Just then, Roger grabbed a peak at her through the rear-view and noticed the woman’s eyes-they were beautiful, stunning, and as green as the grass on every lawn there ever was. She was an old woman with pale skin, but her eyes gave off just enough of an exotic look to make her unique. Roger knew of old women whose blue eyes faded over the years and turned gray, his mother’s, for example, or even his wife, but this lady was different. Roger began to wonder if all green-eyed people were different like that. He glanced at her red sweater, she sported some typical jewelry for her age, and even though she had been visiting doctors all day, her hair and makeup were still quite perfect.

The driver’s intuition snapped back into focus, he pulled a U-turn as comfortable as he could. “Ah, that was it, don’t worry ma’am, I know where we are.” And just as if they had worked through the problem together, he said with confidence, “Sulfur Road.”

“Ah yes, this is it, isn’t it? Yes, I recognize it now, it’s a wonder how you do this business at night. I’m so glad it’s you…” At that, Roger raised an eyebrow. He heard that kind of before I pass out let me tell you tone from the drunks before. Roger looked in his review mirror hoping she hadn’t fallen off the cliff of drugs and exhaustion in the backseat before giving her address in confidence.

Roger almost swerved clear off the road at what he saw. The woman he had guessed at about seventy was now a serene southern belle in her twenties. Her hair was gorgeous, with a straight part and purposeful curls at the ends. She sat erect, not looking at him, but at the road, lips pursed, with a tad look of concern in her eyes.

Roger’s face snapped forward, he took back ready command of his old Crown Victoria. “Yes driver, in two lights, make a left.” Her voice was not grumbled with age or drugs from the hospital. Her sweet sound swept past her perfect, kissable lips. They were not wrinkled with age around the edges as before. This made Roger’s heart jump, his ears had now confirmed what his eyes had seen. He caught another glimpse, though, only to gain another detail for his mental scrapbook. She wore a string of black pearls on her porcelain neck, her dress of white lace made her brunette curls shine in the night. Roger filled his nose with a deep conscious breath, taking in her classic perfume which filled his once smoky cab. One more sense to confirm his dazzling observations. He dare not speak, nor do anything else but drive. Roger squeezed his hands around ten and two and blinked a few times out the windshield to make sure he was still in control.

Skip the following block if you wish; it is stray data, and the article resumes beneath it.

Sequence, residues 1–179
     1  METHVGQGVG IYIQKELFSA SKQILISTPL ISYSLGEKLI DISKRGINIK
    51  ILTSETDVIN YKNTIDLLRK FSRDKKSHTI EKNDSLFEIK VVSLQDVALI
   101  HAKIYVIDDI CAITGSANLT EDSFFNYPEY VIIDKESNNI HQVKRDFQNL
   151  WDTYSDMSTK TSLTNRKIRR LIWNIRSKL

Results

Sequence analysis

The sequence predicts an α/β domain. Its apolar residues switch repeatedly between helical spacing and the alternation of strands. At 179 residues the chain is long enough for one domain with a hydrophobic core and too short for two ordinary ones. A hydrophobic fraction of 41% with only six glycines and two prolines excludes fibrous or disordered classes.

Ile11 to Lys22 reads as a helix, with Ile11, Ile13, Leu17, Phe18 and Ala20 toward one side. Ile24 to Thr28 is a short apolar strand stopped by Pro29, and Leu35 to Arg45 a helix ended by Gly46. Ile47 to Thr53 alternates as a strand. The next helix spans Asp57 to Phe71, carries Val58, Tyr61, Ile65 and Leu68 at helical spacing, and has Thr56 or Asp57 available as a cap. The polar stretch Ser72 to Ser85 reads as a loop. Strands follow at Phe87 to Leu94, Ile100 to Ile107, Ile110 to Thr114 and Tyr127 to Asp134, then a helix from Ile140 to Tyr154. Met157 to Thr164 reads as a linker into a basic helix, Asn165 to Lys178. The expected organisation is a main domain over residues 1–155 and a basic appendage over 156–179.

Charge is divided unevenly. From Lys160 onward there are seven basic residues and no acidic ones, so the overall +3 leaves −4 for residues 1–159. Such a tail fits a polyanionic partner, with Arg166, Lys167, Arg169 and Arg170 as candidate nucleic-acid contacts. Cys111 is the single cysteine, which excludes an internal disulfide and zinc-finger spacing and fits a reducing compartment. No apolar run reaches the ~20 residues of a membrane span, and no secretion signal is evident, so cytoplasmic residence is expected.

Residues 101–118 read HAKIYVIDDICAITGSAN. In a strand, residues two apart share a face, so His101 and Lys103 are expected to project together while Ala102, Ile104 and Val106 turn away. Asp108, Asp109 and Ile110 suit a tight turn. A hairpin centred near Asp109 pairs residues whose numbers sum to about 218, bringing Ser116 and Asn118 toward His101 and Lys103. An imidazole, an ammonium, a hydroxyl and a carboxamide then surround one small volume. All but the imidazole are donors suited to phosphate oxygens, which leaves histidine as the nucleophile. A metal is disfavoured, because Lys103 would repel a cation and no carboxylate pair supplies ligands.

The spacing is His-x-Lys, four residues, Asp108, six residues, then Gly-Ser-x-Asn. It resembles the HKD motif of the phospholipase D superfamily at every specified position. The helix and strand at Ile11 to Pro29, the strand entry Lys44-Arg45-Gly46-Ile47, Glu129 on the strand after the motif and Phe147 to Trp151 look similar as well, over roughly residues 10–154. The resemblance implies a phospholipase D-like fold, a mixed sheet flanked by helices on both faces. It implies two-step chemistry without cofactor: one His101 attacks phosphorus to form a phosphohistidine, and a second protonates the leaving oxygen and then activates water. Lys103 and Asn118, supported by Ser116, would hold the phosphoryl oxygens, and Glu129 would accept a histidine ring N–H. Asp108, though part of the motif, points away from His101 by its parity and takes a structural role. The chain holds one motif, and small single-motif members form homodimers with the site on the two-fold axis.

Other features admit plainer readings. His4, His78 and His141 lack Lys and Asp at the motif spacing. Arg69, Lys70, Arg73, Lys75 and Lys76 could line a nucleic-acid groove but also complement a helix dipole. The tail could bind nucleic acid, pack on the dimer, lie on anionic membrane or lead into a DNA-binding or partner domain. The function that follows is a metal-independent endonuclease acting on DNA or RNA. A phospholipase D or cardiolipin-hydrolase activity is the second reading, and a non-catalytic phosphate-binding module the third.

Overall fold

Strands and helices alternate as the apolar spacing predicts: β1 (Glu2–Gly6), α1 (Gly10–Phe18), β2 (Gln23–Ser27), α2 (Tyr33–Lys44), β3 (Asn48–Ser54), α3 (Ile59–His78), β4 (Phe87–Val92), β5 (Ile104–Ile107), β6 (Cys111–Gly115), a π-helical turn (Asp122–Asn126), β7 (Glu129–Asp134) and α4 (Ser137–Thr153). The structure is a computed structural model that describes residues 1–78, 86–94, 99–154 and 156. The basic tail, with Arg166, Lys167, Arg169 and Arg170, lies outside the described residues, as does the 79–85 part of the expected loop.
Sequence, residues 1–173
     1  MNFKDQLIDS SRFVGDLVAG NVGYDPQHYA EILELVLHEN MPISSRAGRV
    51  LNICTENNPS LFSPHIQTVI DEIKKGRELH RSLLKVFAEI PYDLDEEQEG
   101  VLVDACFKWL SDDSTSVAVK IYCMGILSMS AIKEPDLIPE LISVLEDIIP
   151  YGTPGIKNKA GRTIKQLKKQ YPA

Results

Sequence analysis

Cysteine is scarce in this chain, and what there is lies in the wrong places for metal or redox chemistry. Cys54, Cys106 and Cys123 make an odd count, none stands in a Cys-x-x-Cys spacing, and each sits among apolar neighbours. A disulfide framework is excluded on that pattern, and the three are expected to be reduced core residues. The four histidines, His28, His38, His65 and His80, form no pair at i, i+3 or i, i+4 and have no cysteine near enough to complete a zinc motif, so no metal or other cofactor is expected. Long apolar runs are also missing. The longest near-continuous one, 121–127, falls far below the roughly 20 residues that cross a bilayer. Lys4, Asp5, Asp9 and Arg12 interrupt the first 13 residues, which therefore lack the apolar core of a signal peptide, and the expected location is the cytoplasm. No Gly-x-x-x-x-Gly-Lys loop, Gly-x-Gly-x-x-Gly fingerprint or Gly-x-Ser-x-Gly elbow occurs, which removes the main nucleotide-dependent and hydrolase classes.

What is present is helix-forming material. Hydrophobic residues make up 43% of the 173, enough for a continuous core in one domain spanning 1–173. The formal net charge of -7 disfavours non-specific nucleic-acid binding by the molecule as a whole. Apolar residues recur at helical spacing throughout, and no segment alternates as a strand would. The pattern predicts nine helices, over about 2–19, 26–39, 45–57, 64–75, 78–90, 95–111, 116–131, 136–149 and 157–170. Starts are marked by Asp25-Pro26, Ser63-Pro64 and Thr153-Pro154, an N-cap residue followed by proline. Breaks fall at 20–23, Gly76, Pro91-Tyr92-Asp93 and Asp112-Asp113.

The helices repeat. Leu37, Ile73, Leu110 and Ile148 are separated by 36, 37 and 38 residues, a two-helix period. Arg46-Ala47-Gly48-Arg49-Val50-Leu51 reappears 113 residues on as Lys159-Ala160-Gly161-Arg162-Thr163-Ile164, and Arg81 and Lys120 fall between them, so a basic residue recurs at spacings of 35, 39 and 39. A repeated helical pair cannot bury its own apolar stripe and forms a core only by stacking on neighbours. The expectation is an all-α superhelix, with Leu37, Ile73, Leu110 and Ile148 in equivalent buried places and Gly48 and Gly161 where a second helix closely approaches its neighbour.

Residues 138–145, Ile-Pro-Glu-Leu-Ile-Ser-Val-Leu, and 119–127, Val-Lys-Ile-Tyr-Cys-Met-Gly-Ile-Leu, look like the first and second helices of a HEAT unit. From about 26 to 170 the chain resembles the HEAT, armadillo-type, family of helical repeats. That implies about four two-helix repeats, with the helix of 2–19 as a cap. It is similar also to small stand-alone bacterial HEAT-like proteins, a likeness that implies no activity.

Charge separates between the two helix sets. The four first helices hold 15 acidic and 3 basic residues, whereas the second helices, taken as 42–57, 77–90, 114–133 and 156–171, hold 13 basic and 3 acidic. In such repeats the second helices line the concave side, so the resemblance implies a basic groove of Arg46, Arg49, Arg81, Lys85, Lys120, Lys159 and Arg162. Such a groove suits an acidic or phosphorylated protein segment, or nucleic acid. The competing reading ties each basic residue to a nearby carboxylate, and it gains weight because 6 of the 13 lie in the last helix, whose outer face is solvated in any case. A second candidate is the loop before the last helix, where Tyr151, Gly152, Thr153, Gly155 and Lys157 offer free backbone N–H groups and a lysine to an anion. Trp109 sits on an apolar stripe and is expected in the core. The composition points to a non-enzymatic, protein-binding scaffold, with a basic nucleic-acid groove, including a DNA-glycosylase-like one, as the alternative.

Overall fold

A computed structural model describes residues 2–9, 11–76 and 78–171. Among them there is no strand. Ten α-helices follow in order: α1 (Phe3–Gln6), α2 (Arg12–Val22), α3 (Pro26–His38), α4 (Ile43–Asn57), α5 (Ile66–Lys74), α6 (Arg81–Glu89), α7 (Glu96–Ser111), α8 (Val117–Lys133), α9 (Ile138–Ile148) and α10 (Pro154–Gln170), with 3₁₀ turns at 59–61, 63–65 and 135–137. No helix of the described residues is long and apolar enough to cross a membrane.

“Yes, this- turn here, now- and when you get to an all-way stop, just go on straight through, then make your first right after, yes.” She reassured herself she knew the way, which made Roger know the way too, like a good soldier obeying his orders.

“Yes, ma’am.” He quivered. Roger dare not say anything else, do anything else lest he breaks the spell. Her voice and sweet accent melted his northern ears. He candled in his seat as they approached the four-way. The driver followed her every direction for the next few miles, going through a new neighborhood to an old back road with the houses farther and farther apart.

“Dear, if you could, pull on into the next drive on your right, just a ways down ahead, yes.”

“Alright ma’am,” the driver said, catching glances and feeling her presence. She never looked directly at him in the mirror, allowing herself to be observed. She kept to the distant glare as if driving herself, looking into the turn, even if he wasn’t. The Ford and its two passengers pulled into the long gravel drive. Roger couldn’t see her house by the roadway, great Magnolia trees skirted the property. The driver feared what would happen to her when they reached their destination. He turned down her drive and they crossed over a small bridge traversing a duck pond. The house they finally came to was modest and older with wide porches, chipping and weathered paint-its setting held all the charm.